In the News 28.07.17 : Today’s Articles of Interest from Around the Internets


In the News 28.07.17 : Today’s Articles of Interest from Around the Internets
In the News 28.07.17 : Today’s Articles of Interest from Around the Internets
In the News 28.07.17 : Today’s Articles of Interest from Around the Internets

Justin Trudeau: The North Star

Let’s begin by synchronizing our watches. We are in the Eastern time zone.

The legislative session is over, and Canadian Prime Minister Justin Trudeau is about to give his wrap-up press conference. The reporters trudge into the gallery, grumbling, as reporters like to do, about traffic and editors. Someone gives the “10 seconds” signal, and Trudeau strides to the podium. He gives a nod and starts ticking off his accomplishments. The first is self-praise for cutting taxes on the middle class and raising them on the one percent. “We’ve given nine out of 10 families more money each month to help with the costs of raising their kids,” Trudeau says.

It’s strange to witness: He speaks in a modulated, indoor voice. His dark hair is a color found in nature. At home, there is a glamorous wife and three photogenic children, still not old enough to warm his seat at next week’s G-20 summit or be involved in an espionage scandal.

Read the rest of this article at: RollingStone

In the News 28.07.17 : Today’s Articles of Interest from Around the Internets

How Work Changed to Make us all Passionate Quitters

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In the early 1990s, career advice in the United States changed. A new social philosophy, neoliberalism, was transforming society, including the nature of employment, and career counsellors and business writers had to respond. The Soviet Union had recently collapsed, and much as communist thinkers had tried to apply Marxist ideas to every aspect of life, triumphant US economic intellectuals raced to implement the ultra-individualist ideals of Friedrich Hayek, Milton Friedman and other members of the Mont Pelerin Society, far and wide. In doing so for work, they developed a metaphor – that every person should think of herself as a business, the CEO of Me, Inc. The metaphor took off, and has had profound implications for how workplaces are run, how people understand their jobs, and how they plan careers, which increasingly revolve around quitting.

Hayek (1899­-1992) was an influential Austrian economist who operated from the core conviction that markets provided the best means to order the world. Today, many people share this conviction, and that is in part because of the influence of Hayek and his cohort. At the time that Hayek and his circle began making their arguments, it was an eccentric and minority position. For Hayek and the Mount Pelerin group, the centralised economic planning that characterised both communism and fascism was a recipe for disaster. Hayek held that humans are too flawed to successfully undertake the planning of a complex modern economy. A single human being, or even group of human beings, could never competently handle the informational complexities of modern economic systems. Given humans’ limitations in the face of modern economic complexity, freeing the market to organise large-scale production and distribution was the best possible course.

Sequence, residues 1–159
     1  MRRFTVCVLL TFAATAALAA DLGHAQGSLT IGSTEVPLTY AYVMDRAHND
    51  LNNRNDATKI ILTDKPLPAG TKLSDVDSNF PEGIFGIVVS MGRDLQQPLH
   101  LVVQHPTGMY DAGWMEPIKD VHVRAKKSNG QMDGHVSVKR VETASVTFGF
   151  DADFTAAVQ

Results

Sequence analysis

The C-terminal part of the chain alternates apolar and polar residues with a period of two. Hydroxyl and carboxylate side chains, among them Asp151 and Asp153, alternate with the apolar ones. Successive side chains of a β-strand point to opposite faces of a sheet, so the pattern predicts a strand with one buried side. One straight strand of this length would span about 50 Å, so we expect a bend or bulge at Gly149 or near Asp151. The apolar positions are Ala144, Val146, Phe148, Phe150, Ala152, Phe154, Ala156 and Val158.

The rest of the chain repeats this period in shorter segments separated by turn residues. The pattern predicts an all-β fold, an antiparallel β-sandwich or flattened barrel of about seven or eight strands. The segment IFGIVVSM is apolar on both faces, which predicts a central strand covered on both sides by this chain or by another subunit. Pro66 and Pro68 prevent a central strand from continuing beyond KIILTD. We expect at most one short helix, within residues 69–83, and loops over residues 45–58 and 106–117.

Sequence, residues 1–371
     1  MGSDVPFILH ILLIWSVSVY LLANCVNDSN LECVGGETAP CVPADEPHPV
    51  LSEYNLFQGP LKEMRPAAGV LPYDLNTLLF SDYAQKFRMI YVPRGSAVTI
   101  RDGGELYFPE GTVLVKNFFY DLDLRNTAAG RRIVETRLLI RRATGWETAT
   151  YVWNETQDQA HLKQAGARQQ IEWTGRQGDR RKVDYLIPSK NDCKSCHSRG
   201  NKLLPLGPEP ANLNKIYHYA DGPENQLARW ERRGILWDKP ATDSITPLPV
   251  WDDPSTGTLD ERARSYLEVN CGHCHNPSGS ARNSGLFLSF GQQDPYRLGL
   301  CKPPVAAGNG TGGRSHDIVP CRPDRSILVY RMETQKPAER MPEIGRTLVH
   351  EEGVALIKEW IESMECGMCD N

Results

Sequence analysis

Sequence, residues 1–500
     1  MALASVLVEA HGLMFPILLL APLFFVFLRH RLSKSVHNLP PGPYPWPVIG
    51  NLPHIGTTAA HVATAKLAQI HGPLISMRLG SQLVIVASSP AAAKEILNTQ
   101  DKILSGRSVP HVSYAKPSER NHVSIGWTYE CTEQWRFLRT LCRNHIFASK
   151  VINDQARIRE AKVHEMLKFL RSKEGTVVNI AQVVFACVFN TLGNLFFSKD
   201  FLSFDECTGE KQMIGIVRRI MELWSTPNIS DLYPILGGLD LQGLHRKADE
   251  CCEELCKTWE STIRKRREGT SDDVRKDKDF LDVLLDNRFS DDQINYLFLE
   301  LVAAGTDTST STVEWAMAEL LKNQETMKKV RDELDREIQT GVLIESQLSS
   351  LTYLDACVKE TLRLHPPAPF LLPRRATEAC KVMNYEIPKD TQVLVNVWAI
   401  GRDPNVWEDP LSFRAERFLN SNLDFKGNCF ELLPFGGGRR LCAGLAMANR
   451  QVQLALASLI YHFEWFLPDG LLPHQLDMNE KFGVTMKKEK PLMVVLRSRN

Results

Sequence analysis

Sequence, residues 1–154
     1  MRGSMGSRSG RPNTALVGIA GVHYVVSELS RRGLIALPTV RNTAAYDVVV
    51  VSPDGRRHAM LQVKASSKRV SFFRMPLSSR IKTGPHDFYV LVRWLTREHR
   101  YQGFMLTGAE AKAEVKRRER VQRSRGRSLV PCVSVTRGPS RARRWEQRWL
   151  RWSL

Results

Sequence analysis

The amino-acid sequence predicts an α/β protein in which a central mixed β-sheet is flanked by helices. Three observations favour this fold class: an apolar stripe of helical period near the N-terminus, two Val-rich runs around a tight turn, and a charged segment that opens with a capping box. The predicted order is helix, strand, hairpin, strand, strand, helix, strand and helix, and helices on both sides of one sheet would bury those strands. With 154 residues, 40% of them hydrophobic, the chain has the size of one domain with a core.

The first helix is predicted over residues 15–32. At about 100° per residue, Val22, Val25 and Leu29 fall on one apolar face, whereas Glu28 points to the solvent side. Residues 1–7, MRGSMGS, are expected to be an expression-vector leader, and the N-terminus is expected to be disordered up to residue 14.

Read the rest of this article at: aeon


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Inside Cuba’s D.I.Y. Internet Revolution

You’ll be sitting in the magnificently beautiful ruin of Havana, surrounded by decaying stonework and pastel-colored Detroit rolling iron, and you’ll be ignoring it all to swipe down on your Facebook feed like a cocaine addict licking his snort mirror—which you are, of course: a depraved cokehead trying to get a hit. And you’ll scroll over the same content you swiped over 15 minutes ago, pretending that it might have refreshed and that it might provide the dopa­mine rush your brain is demanding. Yet it does not refresh. It will not refresh.

Your fix will come in the form of a small green scratch-off card, almost like a lottery ticket and usually costing a quarter of the average weekly Cuban wage. Some quick work with a coin will reveal two horribly long strings of numbers, and along with a hunched-over clutch of other addicts, you’ll enter the numbers into the password page of ETECSA, Cuba’s government-run telecommunications monopoly, whose design aesthetics are solidly 1997. And then … nothing. Your phone will fail to connect, or its signal will quickly fade, since your chosen hot spot, like most of the city’s hot spots, is overwhelmed by demand. (The government claims there are 60 hot spots in Havana, up from a handful a few years ago. That’s one for every 35,000 Habaneros.) You’ll try again for a secure connection.